Microsoft has released a research report indicating that a new crypto-stealing malware has in the past year infected 80,000 computers around the world.
Security analysts at the software giant’s research center revealed the extent of the malware’s spread in a blog document published on November 26.
The Microsoft Defender ATP report identifies the malware variant as Dexphot, a malicious code that the researchers tracked since October 2018. According to the report, Dexphot secretly installs on an unsuspecting victim’s computer and proceeds to use the device’s resources to mine cryptocurrency.
Researchers say that Dexphot malware isn’t the type that “generates mainstream media attention.”
Many people are thus unlikely to have heard of it. Regarding what the crypto-jacking bug does, the analysts say:
“[Dexphot’s] goal is a very common one in cybercriminal circles — to install a coin miner that silently steals computer resources and generates revenue for the attackers.”
Microsoft estimates that the malware had compromised close to 80,000 devices by June this year.
The report also notes that Dexphot doesn’t just hijack a computer system and infect it with crypto-mining malware. The code can remain disguised in other programs so that any attempts to remove it often prove unsuccessful. If a user identifies the attack and removes the malware, embedded monitoring tools move to re-infect the device.
Theft of cryptocurrencies doesn’t just involve cryptojacking malware. Researchers have established that botnets are also widely used to steal cryptocurrencies directly from crypto wallets. A recent report showed that a botnet called MasterMana compromised up to 2,000 computers weekly- totaling over 72,000 devices in 2019.
Crypto-stealing Malware via YouTube
Cryptojacking is quickly becoming a preferred attack channel for hackers and has seen several campaigns over the last few years.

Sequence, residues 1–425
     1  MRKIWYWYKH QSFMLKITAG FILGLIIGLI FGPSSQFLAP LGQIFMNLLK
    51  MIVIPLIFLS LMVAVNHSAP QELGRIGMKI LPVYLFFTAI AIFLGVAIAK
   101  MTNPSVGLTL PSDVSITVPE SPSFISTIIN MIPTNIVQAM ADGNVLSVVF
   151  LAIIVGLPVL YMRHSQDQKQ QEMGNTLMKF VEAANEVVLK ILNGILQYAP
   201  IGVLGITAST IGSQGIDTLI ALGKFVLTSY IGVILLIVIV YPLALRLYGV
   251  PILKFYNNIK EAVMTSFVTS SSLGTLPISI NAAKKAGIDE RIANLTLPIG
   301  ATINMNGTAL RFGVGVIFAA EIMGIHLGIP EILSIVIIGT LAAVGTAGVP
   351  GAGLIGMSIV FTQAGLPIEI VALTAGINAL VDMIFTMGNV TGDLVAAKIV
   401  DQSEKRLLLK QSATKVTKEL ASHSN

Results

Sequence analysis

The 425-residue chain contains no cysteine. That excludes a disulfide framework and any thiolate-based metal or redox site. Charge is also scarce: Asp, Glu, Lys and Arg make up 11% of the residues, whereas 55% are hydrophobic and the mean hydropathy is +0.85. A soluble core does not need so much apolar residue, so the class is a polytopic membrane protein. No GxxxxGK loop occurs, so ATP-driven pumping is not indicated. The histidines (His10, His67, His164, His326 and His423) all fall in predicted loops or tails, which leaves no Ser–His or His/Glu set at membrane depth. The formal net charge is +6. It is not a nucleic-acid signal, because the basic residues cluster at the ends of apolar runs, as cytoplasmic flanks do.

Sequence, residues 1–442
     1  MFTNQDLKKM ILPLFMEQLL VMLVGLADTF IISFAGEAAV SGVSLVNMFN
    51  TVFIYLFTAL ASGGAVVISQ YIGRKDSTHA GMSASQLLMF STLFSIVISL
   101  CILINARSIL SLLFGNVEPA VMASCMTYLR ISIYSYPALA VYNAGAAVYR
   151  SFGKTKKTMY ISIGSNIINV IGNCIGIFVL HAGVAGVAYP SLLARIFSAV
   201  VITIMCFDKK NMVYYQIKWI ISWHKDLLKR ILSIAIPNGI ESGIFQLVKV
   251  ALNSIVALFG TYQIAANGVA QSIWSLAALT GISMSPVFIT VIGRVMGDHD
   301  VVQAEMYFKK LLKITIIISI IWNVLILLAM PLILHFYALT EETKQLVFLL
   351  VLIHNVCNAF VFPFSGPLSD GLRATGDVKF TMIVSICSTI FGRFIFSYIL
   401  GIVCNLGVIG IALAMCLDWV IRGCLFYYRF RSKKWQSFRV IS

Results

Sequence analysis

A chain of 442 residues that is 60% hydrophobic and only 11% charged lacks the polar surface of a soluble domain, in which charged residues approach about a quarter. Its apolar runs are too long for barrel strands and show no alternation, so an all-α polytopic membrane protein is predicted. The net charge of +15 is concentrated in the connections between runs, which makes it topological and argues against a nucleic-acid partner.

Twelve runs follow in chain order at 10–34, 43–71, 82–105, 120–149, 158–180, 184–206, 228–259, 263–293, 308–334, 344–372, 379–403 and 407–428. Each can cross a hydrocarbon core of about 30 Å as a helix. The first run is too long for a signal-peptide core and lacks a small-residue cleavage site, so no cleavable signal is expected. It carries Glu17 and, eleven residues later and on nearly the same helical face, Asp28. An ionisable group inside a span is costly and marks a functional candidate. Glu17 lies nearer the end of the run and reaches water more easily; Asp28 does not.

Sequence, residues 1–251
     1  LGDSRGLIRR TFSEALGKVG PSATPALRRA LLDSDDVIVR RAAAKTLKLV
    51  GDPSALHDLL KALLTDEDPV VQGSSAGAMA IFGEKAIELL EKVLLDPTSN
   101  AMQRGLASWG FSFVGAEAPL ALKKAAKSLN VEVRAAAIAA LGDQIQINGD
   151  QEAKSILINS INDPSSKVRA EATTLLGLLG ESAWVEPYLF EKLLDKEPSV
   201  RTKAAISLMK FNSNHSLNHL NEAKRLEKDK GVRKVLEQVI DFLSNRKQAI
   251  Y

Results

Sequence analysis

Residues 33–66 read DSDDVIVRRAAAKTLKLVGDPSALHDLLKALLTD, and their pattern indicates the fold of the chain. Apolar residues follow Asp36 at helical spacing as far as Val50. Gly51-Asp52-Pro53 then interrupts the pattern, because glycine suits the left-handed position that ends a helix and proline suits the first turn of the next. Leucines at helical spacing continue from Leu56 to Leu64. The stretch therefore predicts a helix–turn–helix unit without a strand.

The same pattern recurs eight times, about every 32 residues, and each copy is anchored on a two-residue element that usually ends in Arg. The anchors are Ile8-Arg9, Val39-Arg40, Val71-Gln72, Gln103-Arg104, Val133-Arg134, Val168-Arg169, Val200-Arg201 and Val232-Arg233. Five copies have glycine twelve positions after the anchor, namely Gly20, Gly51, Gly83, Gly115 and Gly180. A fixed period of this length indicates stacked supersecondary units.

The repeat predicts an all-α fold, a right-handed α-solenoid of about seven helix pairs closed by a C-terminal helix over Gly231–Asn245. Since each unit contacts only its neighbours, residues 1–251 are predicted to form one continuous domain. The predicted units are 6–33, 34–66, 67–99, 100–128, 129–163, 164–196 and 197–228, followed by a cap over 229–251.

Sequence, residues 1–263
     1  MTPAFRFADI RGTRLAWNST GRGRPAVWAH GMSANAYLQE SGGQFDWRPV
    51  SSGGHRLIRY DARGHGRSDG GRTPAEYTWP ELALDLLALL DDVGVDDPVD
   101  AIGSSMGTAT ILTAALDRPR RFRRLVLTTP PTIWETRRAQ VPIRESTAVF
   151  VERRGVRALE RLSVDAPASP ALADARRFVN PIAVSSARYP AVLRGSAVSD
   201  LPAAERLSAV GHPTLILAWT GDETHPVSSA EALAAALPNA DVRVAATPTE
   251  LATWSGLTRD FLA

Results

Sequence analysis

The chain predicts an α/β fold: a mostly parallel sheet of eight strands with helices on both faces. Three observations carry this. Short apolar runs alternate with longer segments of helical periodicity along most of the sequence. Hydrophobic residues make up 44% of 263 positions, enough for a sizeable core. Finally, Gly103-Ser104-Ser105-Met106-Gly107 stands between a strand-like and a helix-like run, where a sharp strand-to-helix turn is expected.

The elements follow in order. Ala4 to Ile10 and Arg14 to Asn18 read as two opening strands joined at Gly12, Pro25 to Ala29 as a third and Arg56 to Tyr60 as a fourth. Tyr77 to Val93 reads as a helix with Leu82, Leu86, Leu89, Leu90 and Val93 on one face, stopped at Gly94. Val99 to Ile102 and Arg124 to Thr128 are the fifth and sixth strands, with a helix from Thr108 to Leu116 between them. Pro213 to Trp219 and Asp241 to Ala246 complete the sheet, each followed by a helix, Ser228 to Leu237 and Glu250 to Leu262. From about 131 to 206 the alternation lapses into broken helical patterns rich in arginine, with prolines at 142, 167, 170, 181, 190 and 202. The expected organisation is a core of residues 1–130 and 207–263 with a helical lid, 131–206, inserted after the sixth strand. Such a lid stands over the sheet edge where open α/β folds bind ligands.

On Tuesday, November 26, antivirus provider ESET released another report showing how far attackers were willing to go to steal crypto from the public. In the report, the firm notes that attackers were now using YouTube to install crypto-stealing malware onto victim’s devices.
The botnet in question is Stantinko, known to compromise computers to allow for the mining of Monero (XMR), a privacy-oriented altcoin.
ESET, a Slovakia based software security provider, added that the XMR-stealing malware had infected an estimated 500,000 devices.
Using YouTube means crypto-jacking operators are stepping up their attacks, incorporating newer channels. It diversifies from channels like ad injections, phishing, and click fraud among other methods traditionally associated with such nefarious attacks.
ESET also reported in October that crypto-jackers had been stealing Bitcoin (BTC) from unsuspecting users on the so-called darknet. The attackers, who targeted darknet users in Russia, employed a fake Tor Browser to secretly swap wallet addresses and steal from buyers. The trojan had been in use since 2017, the firm added.
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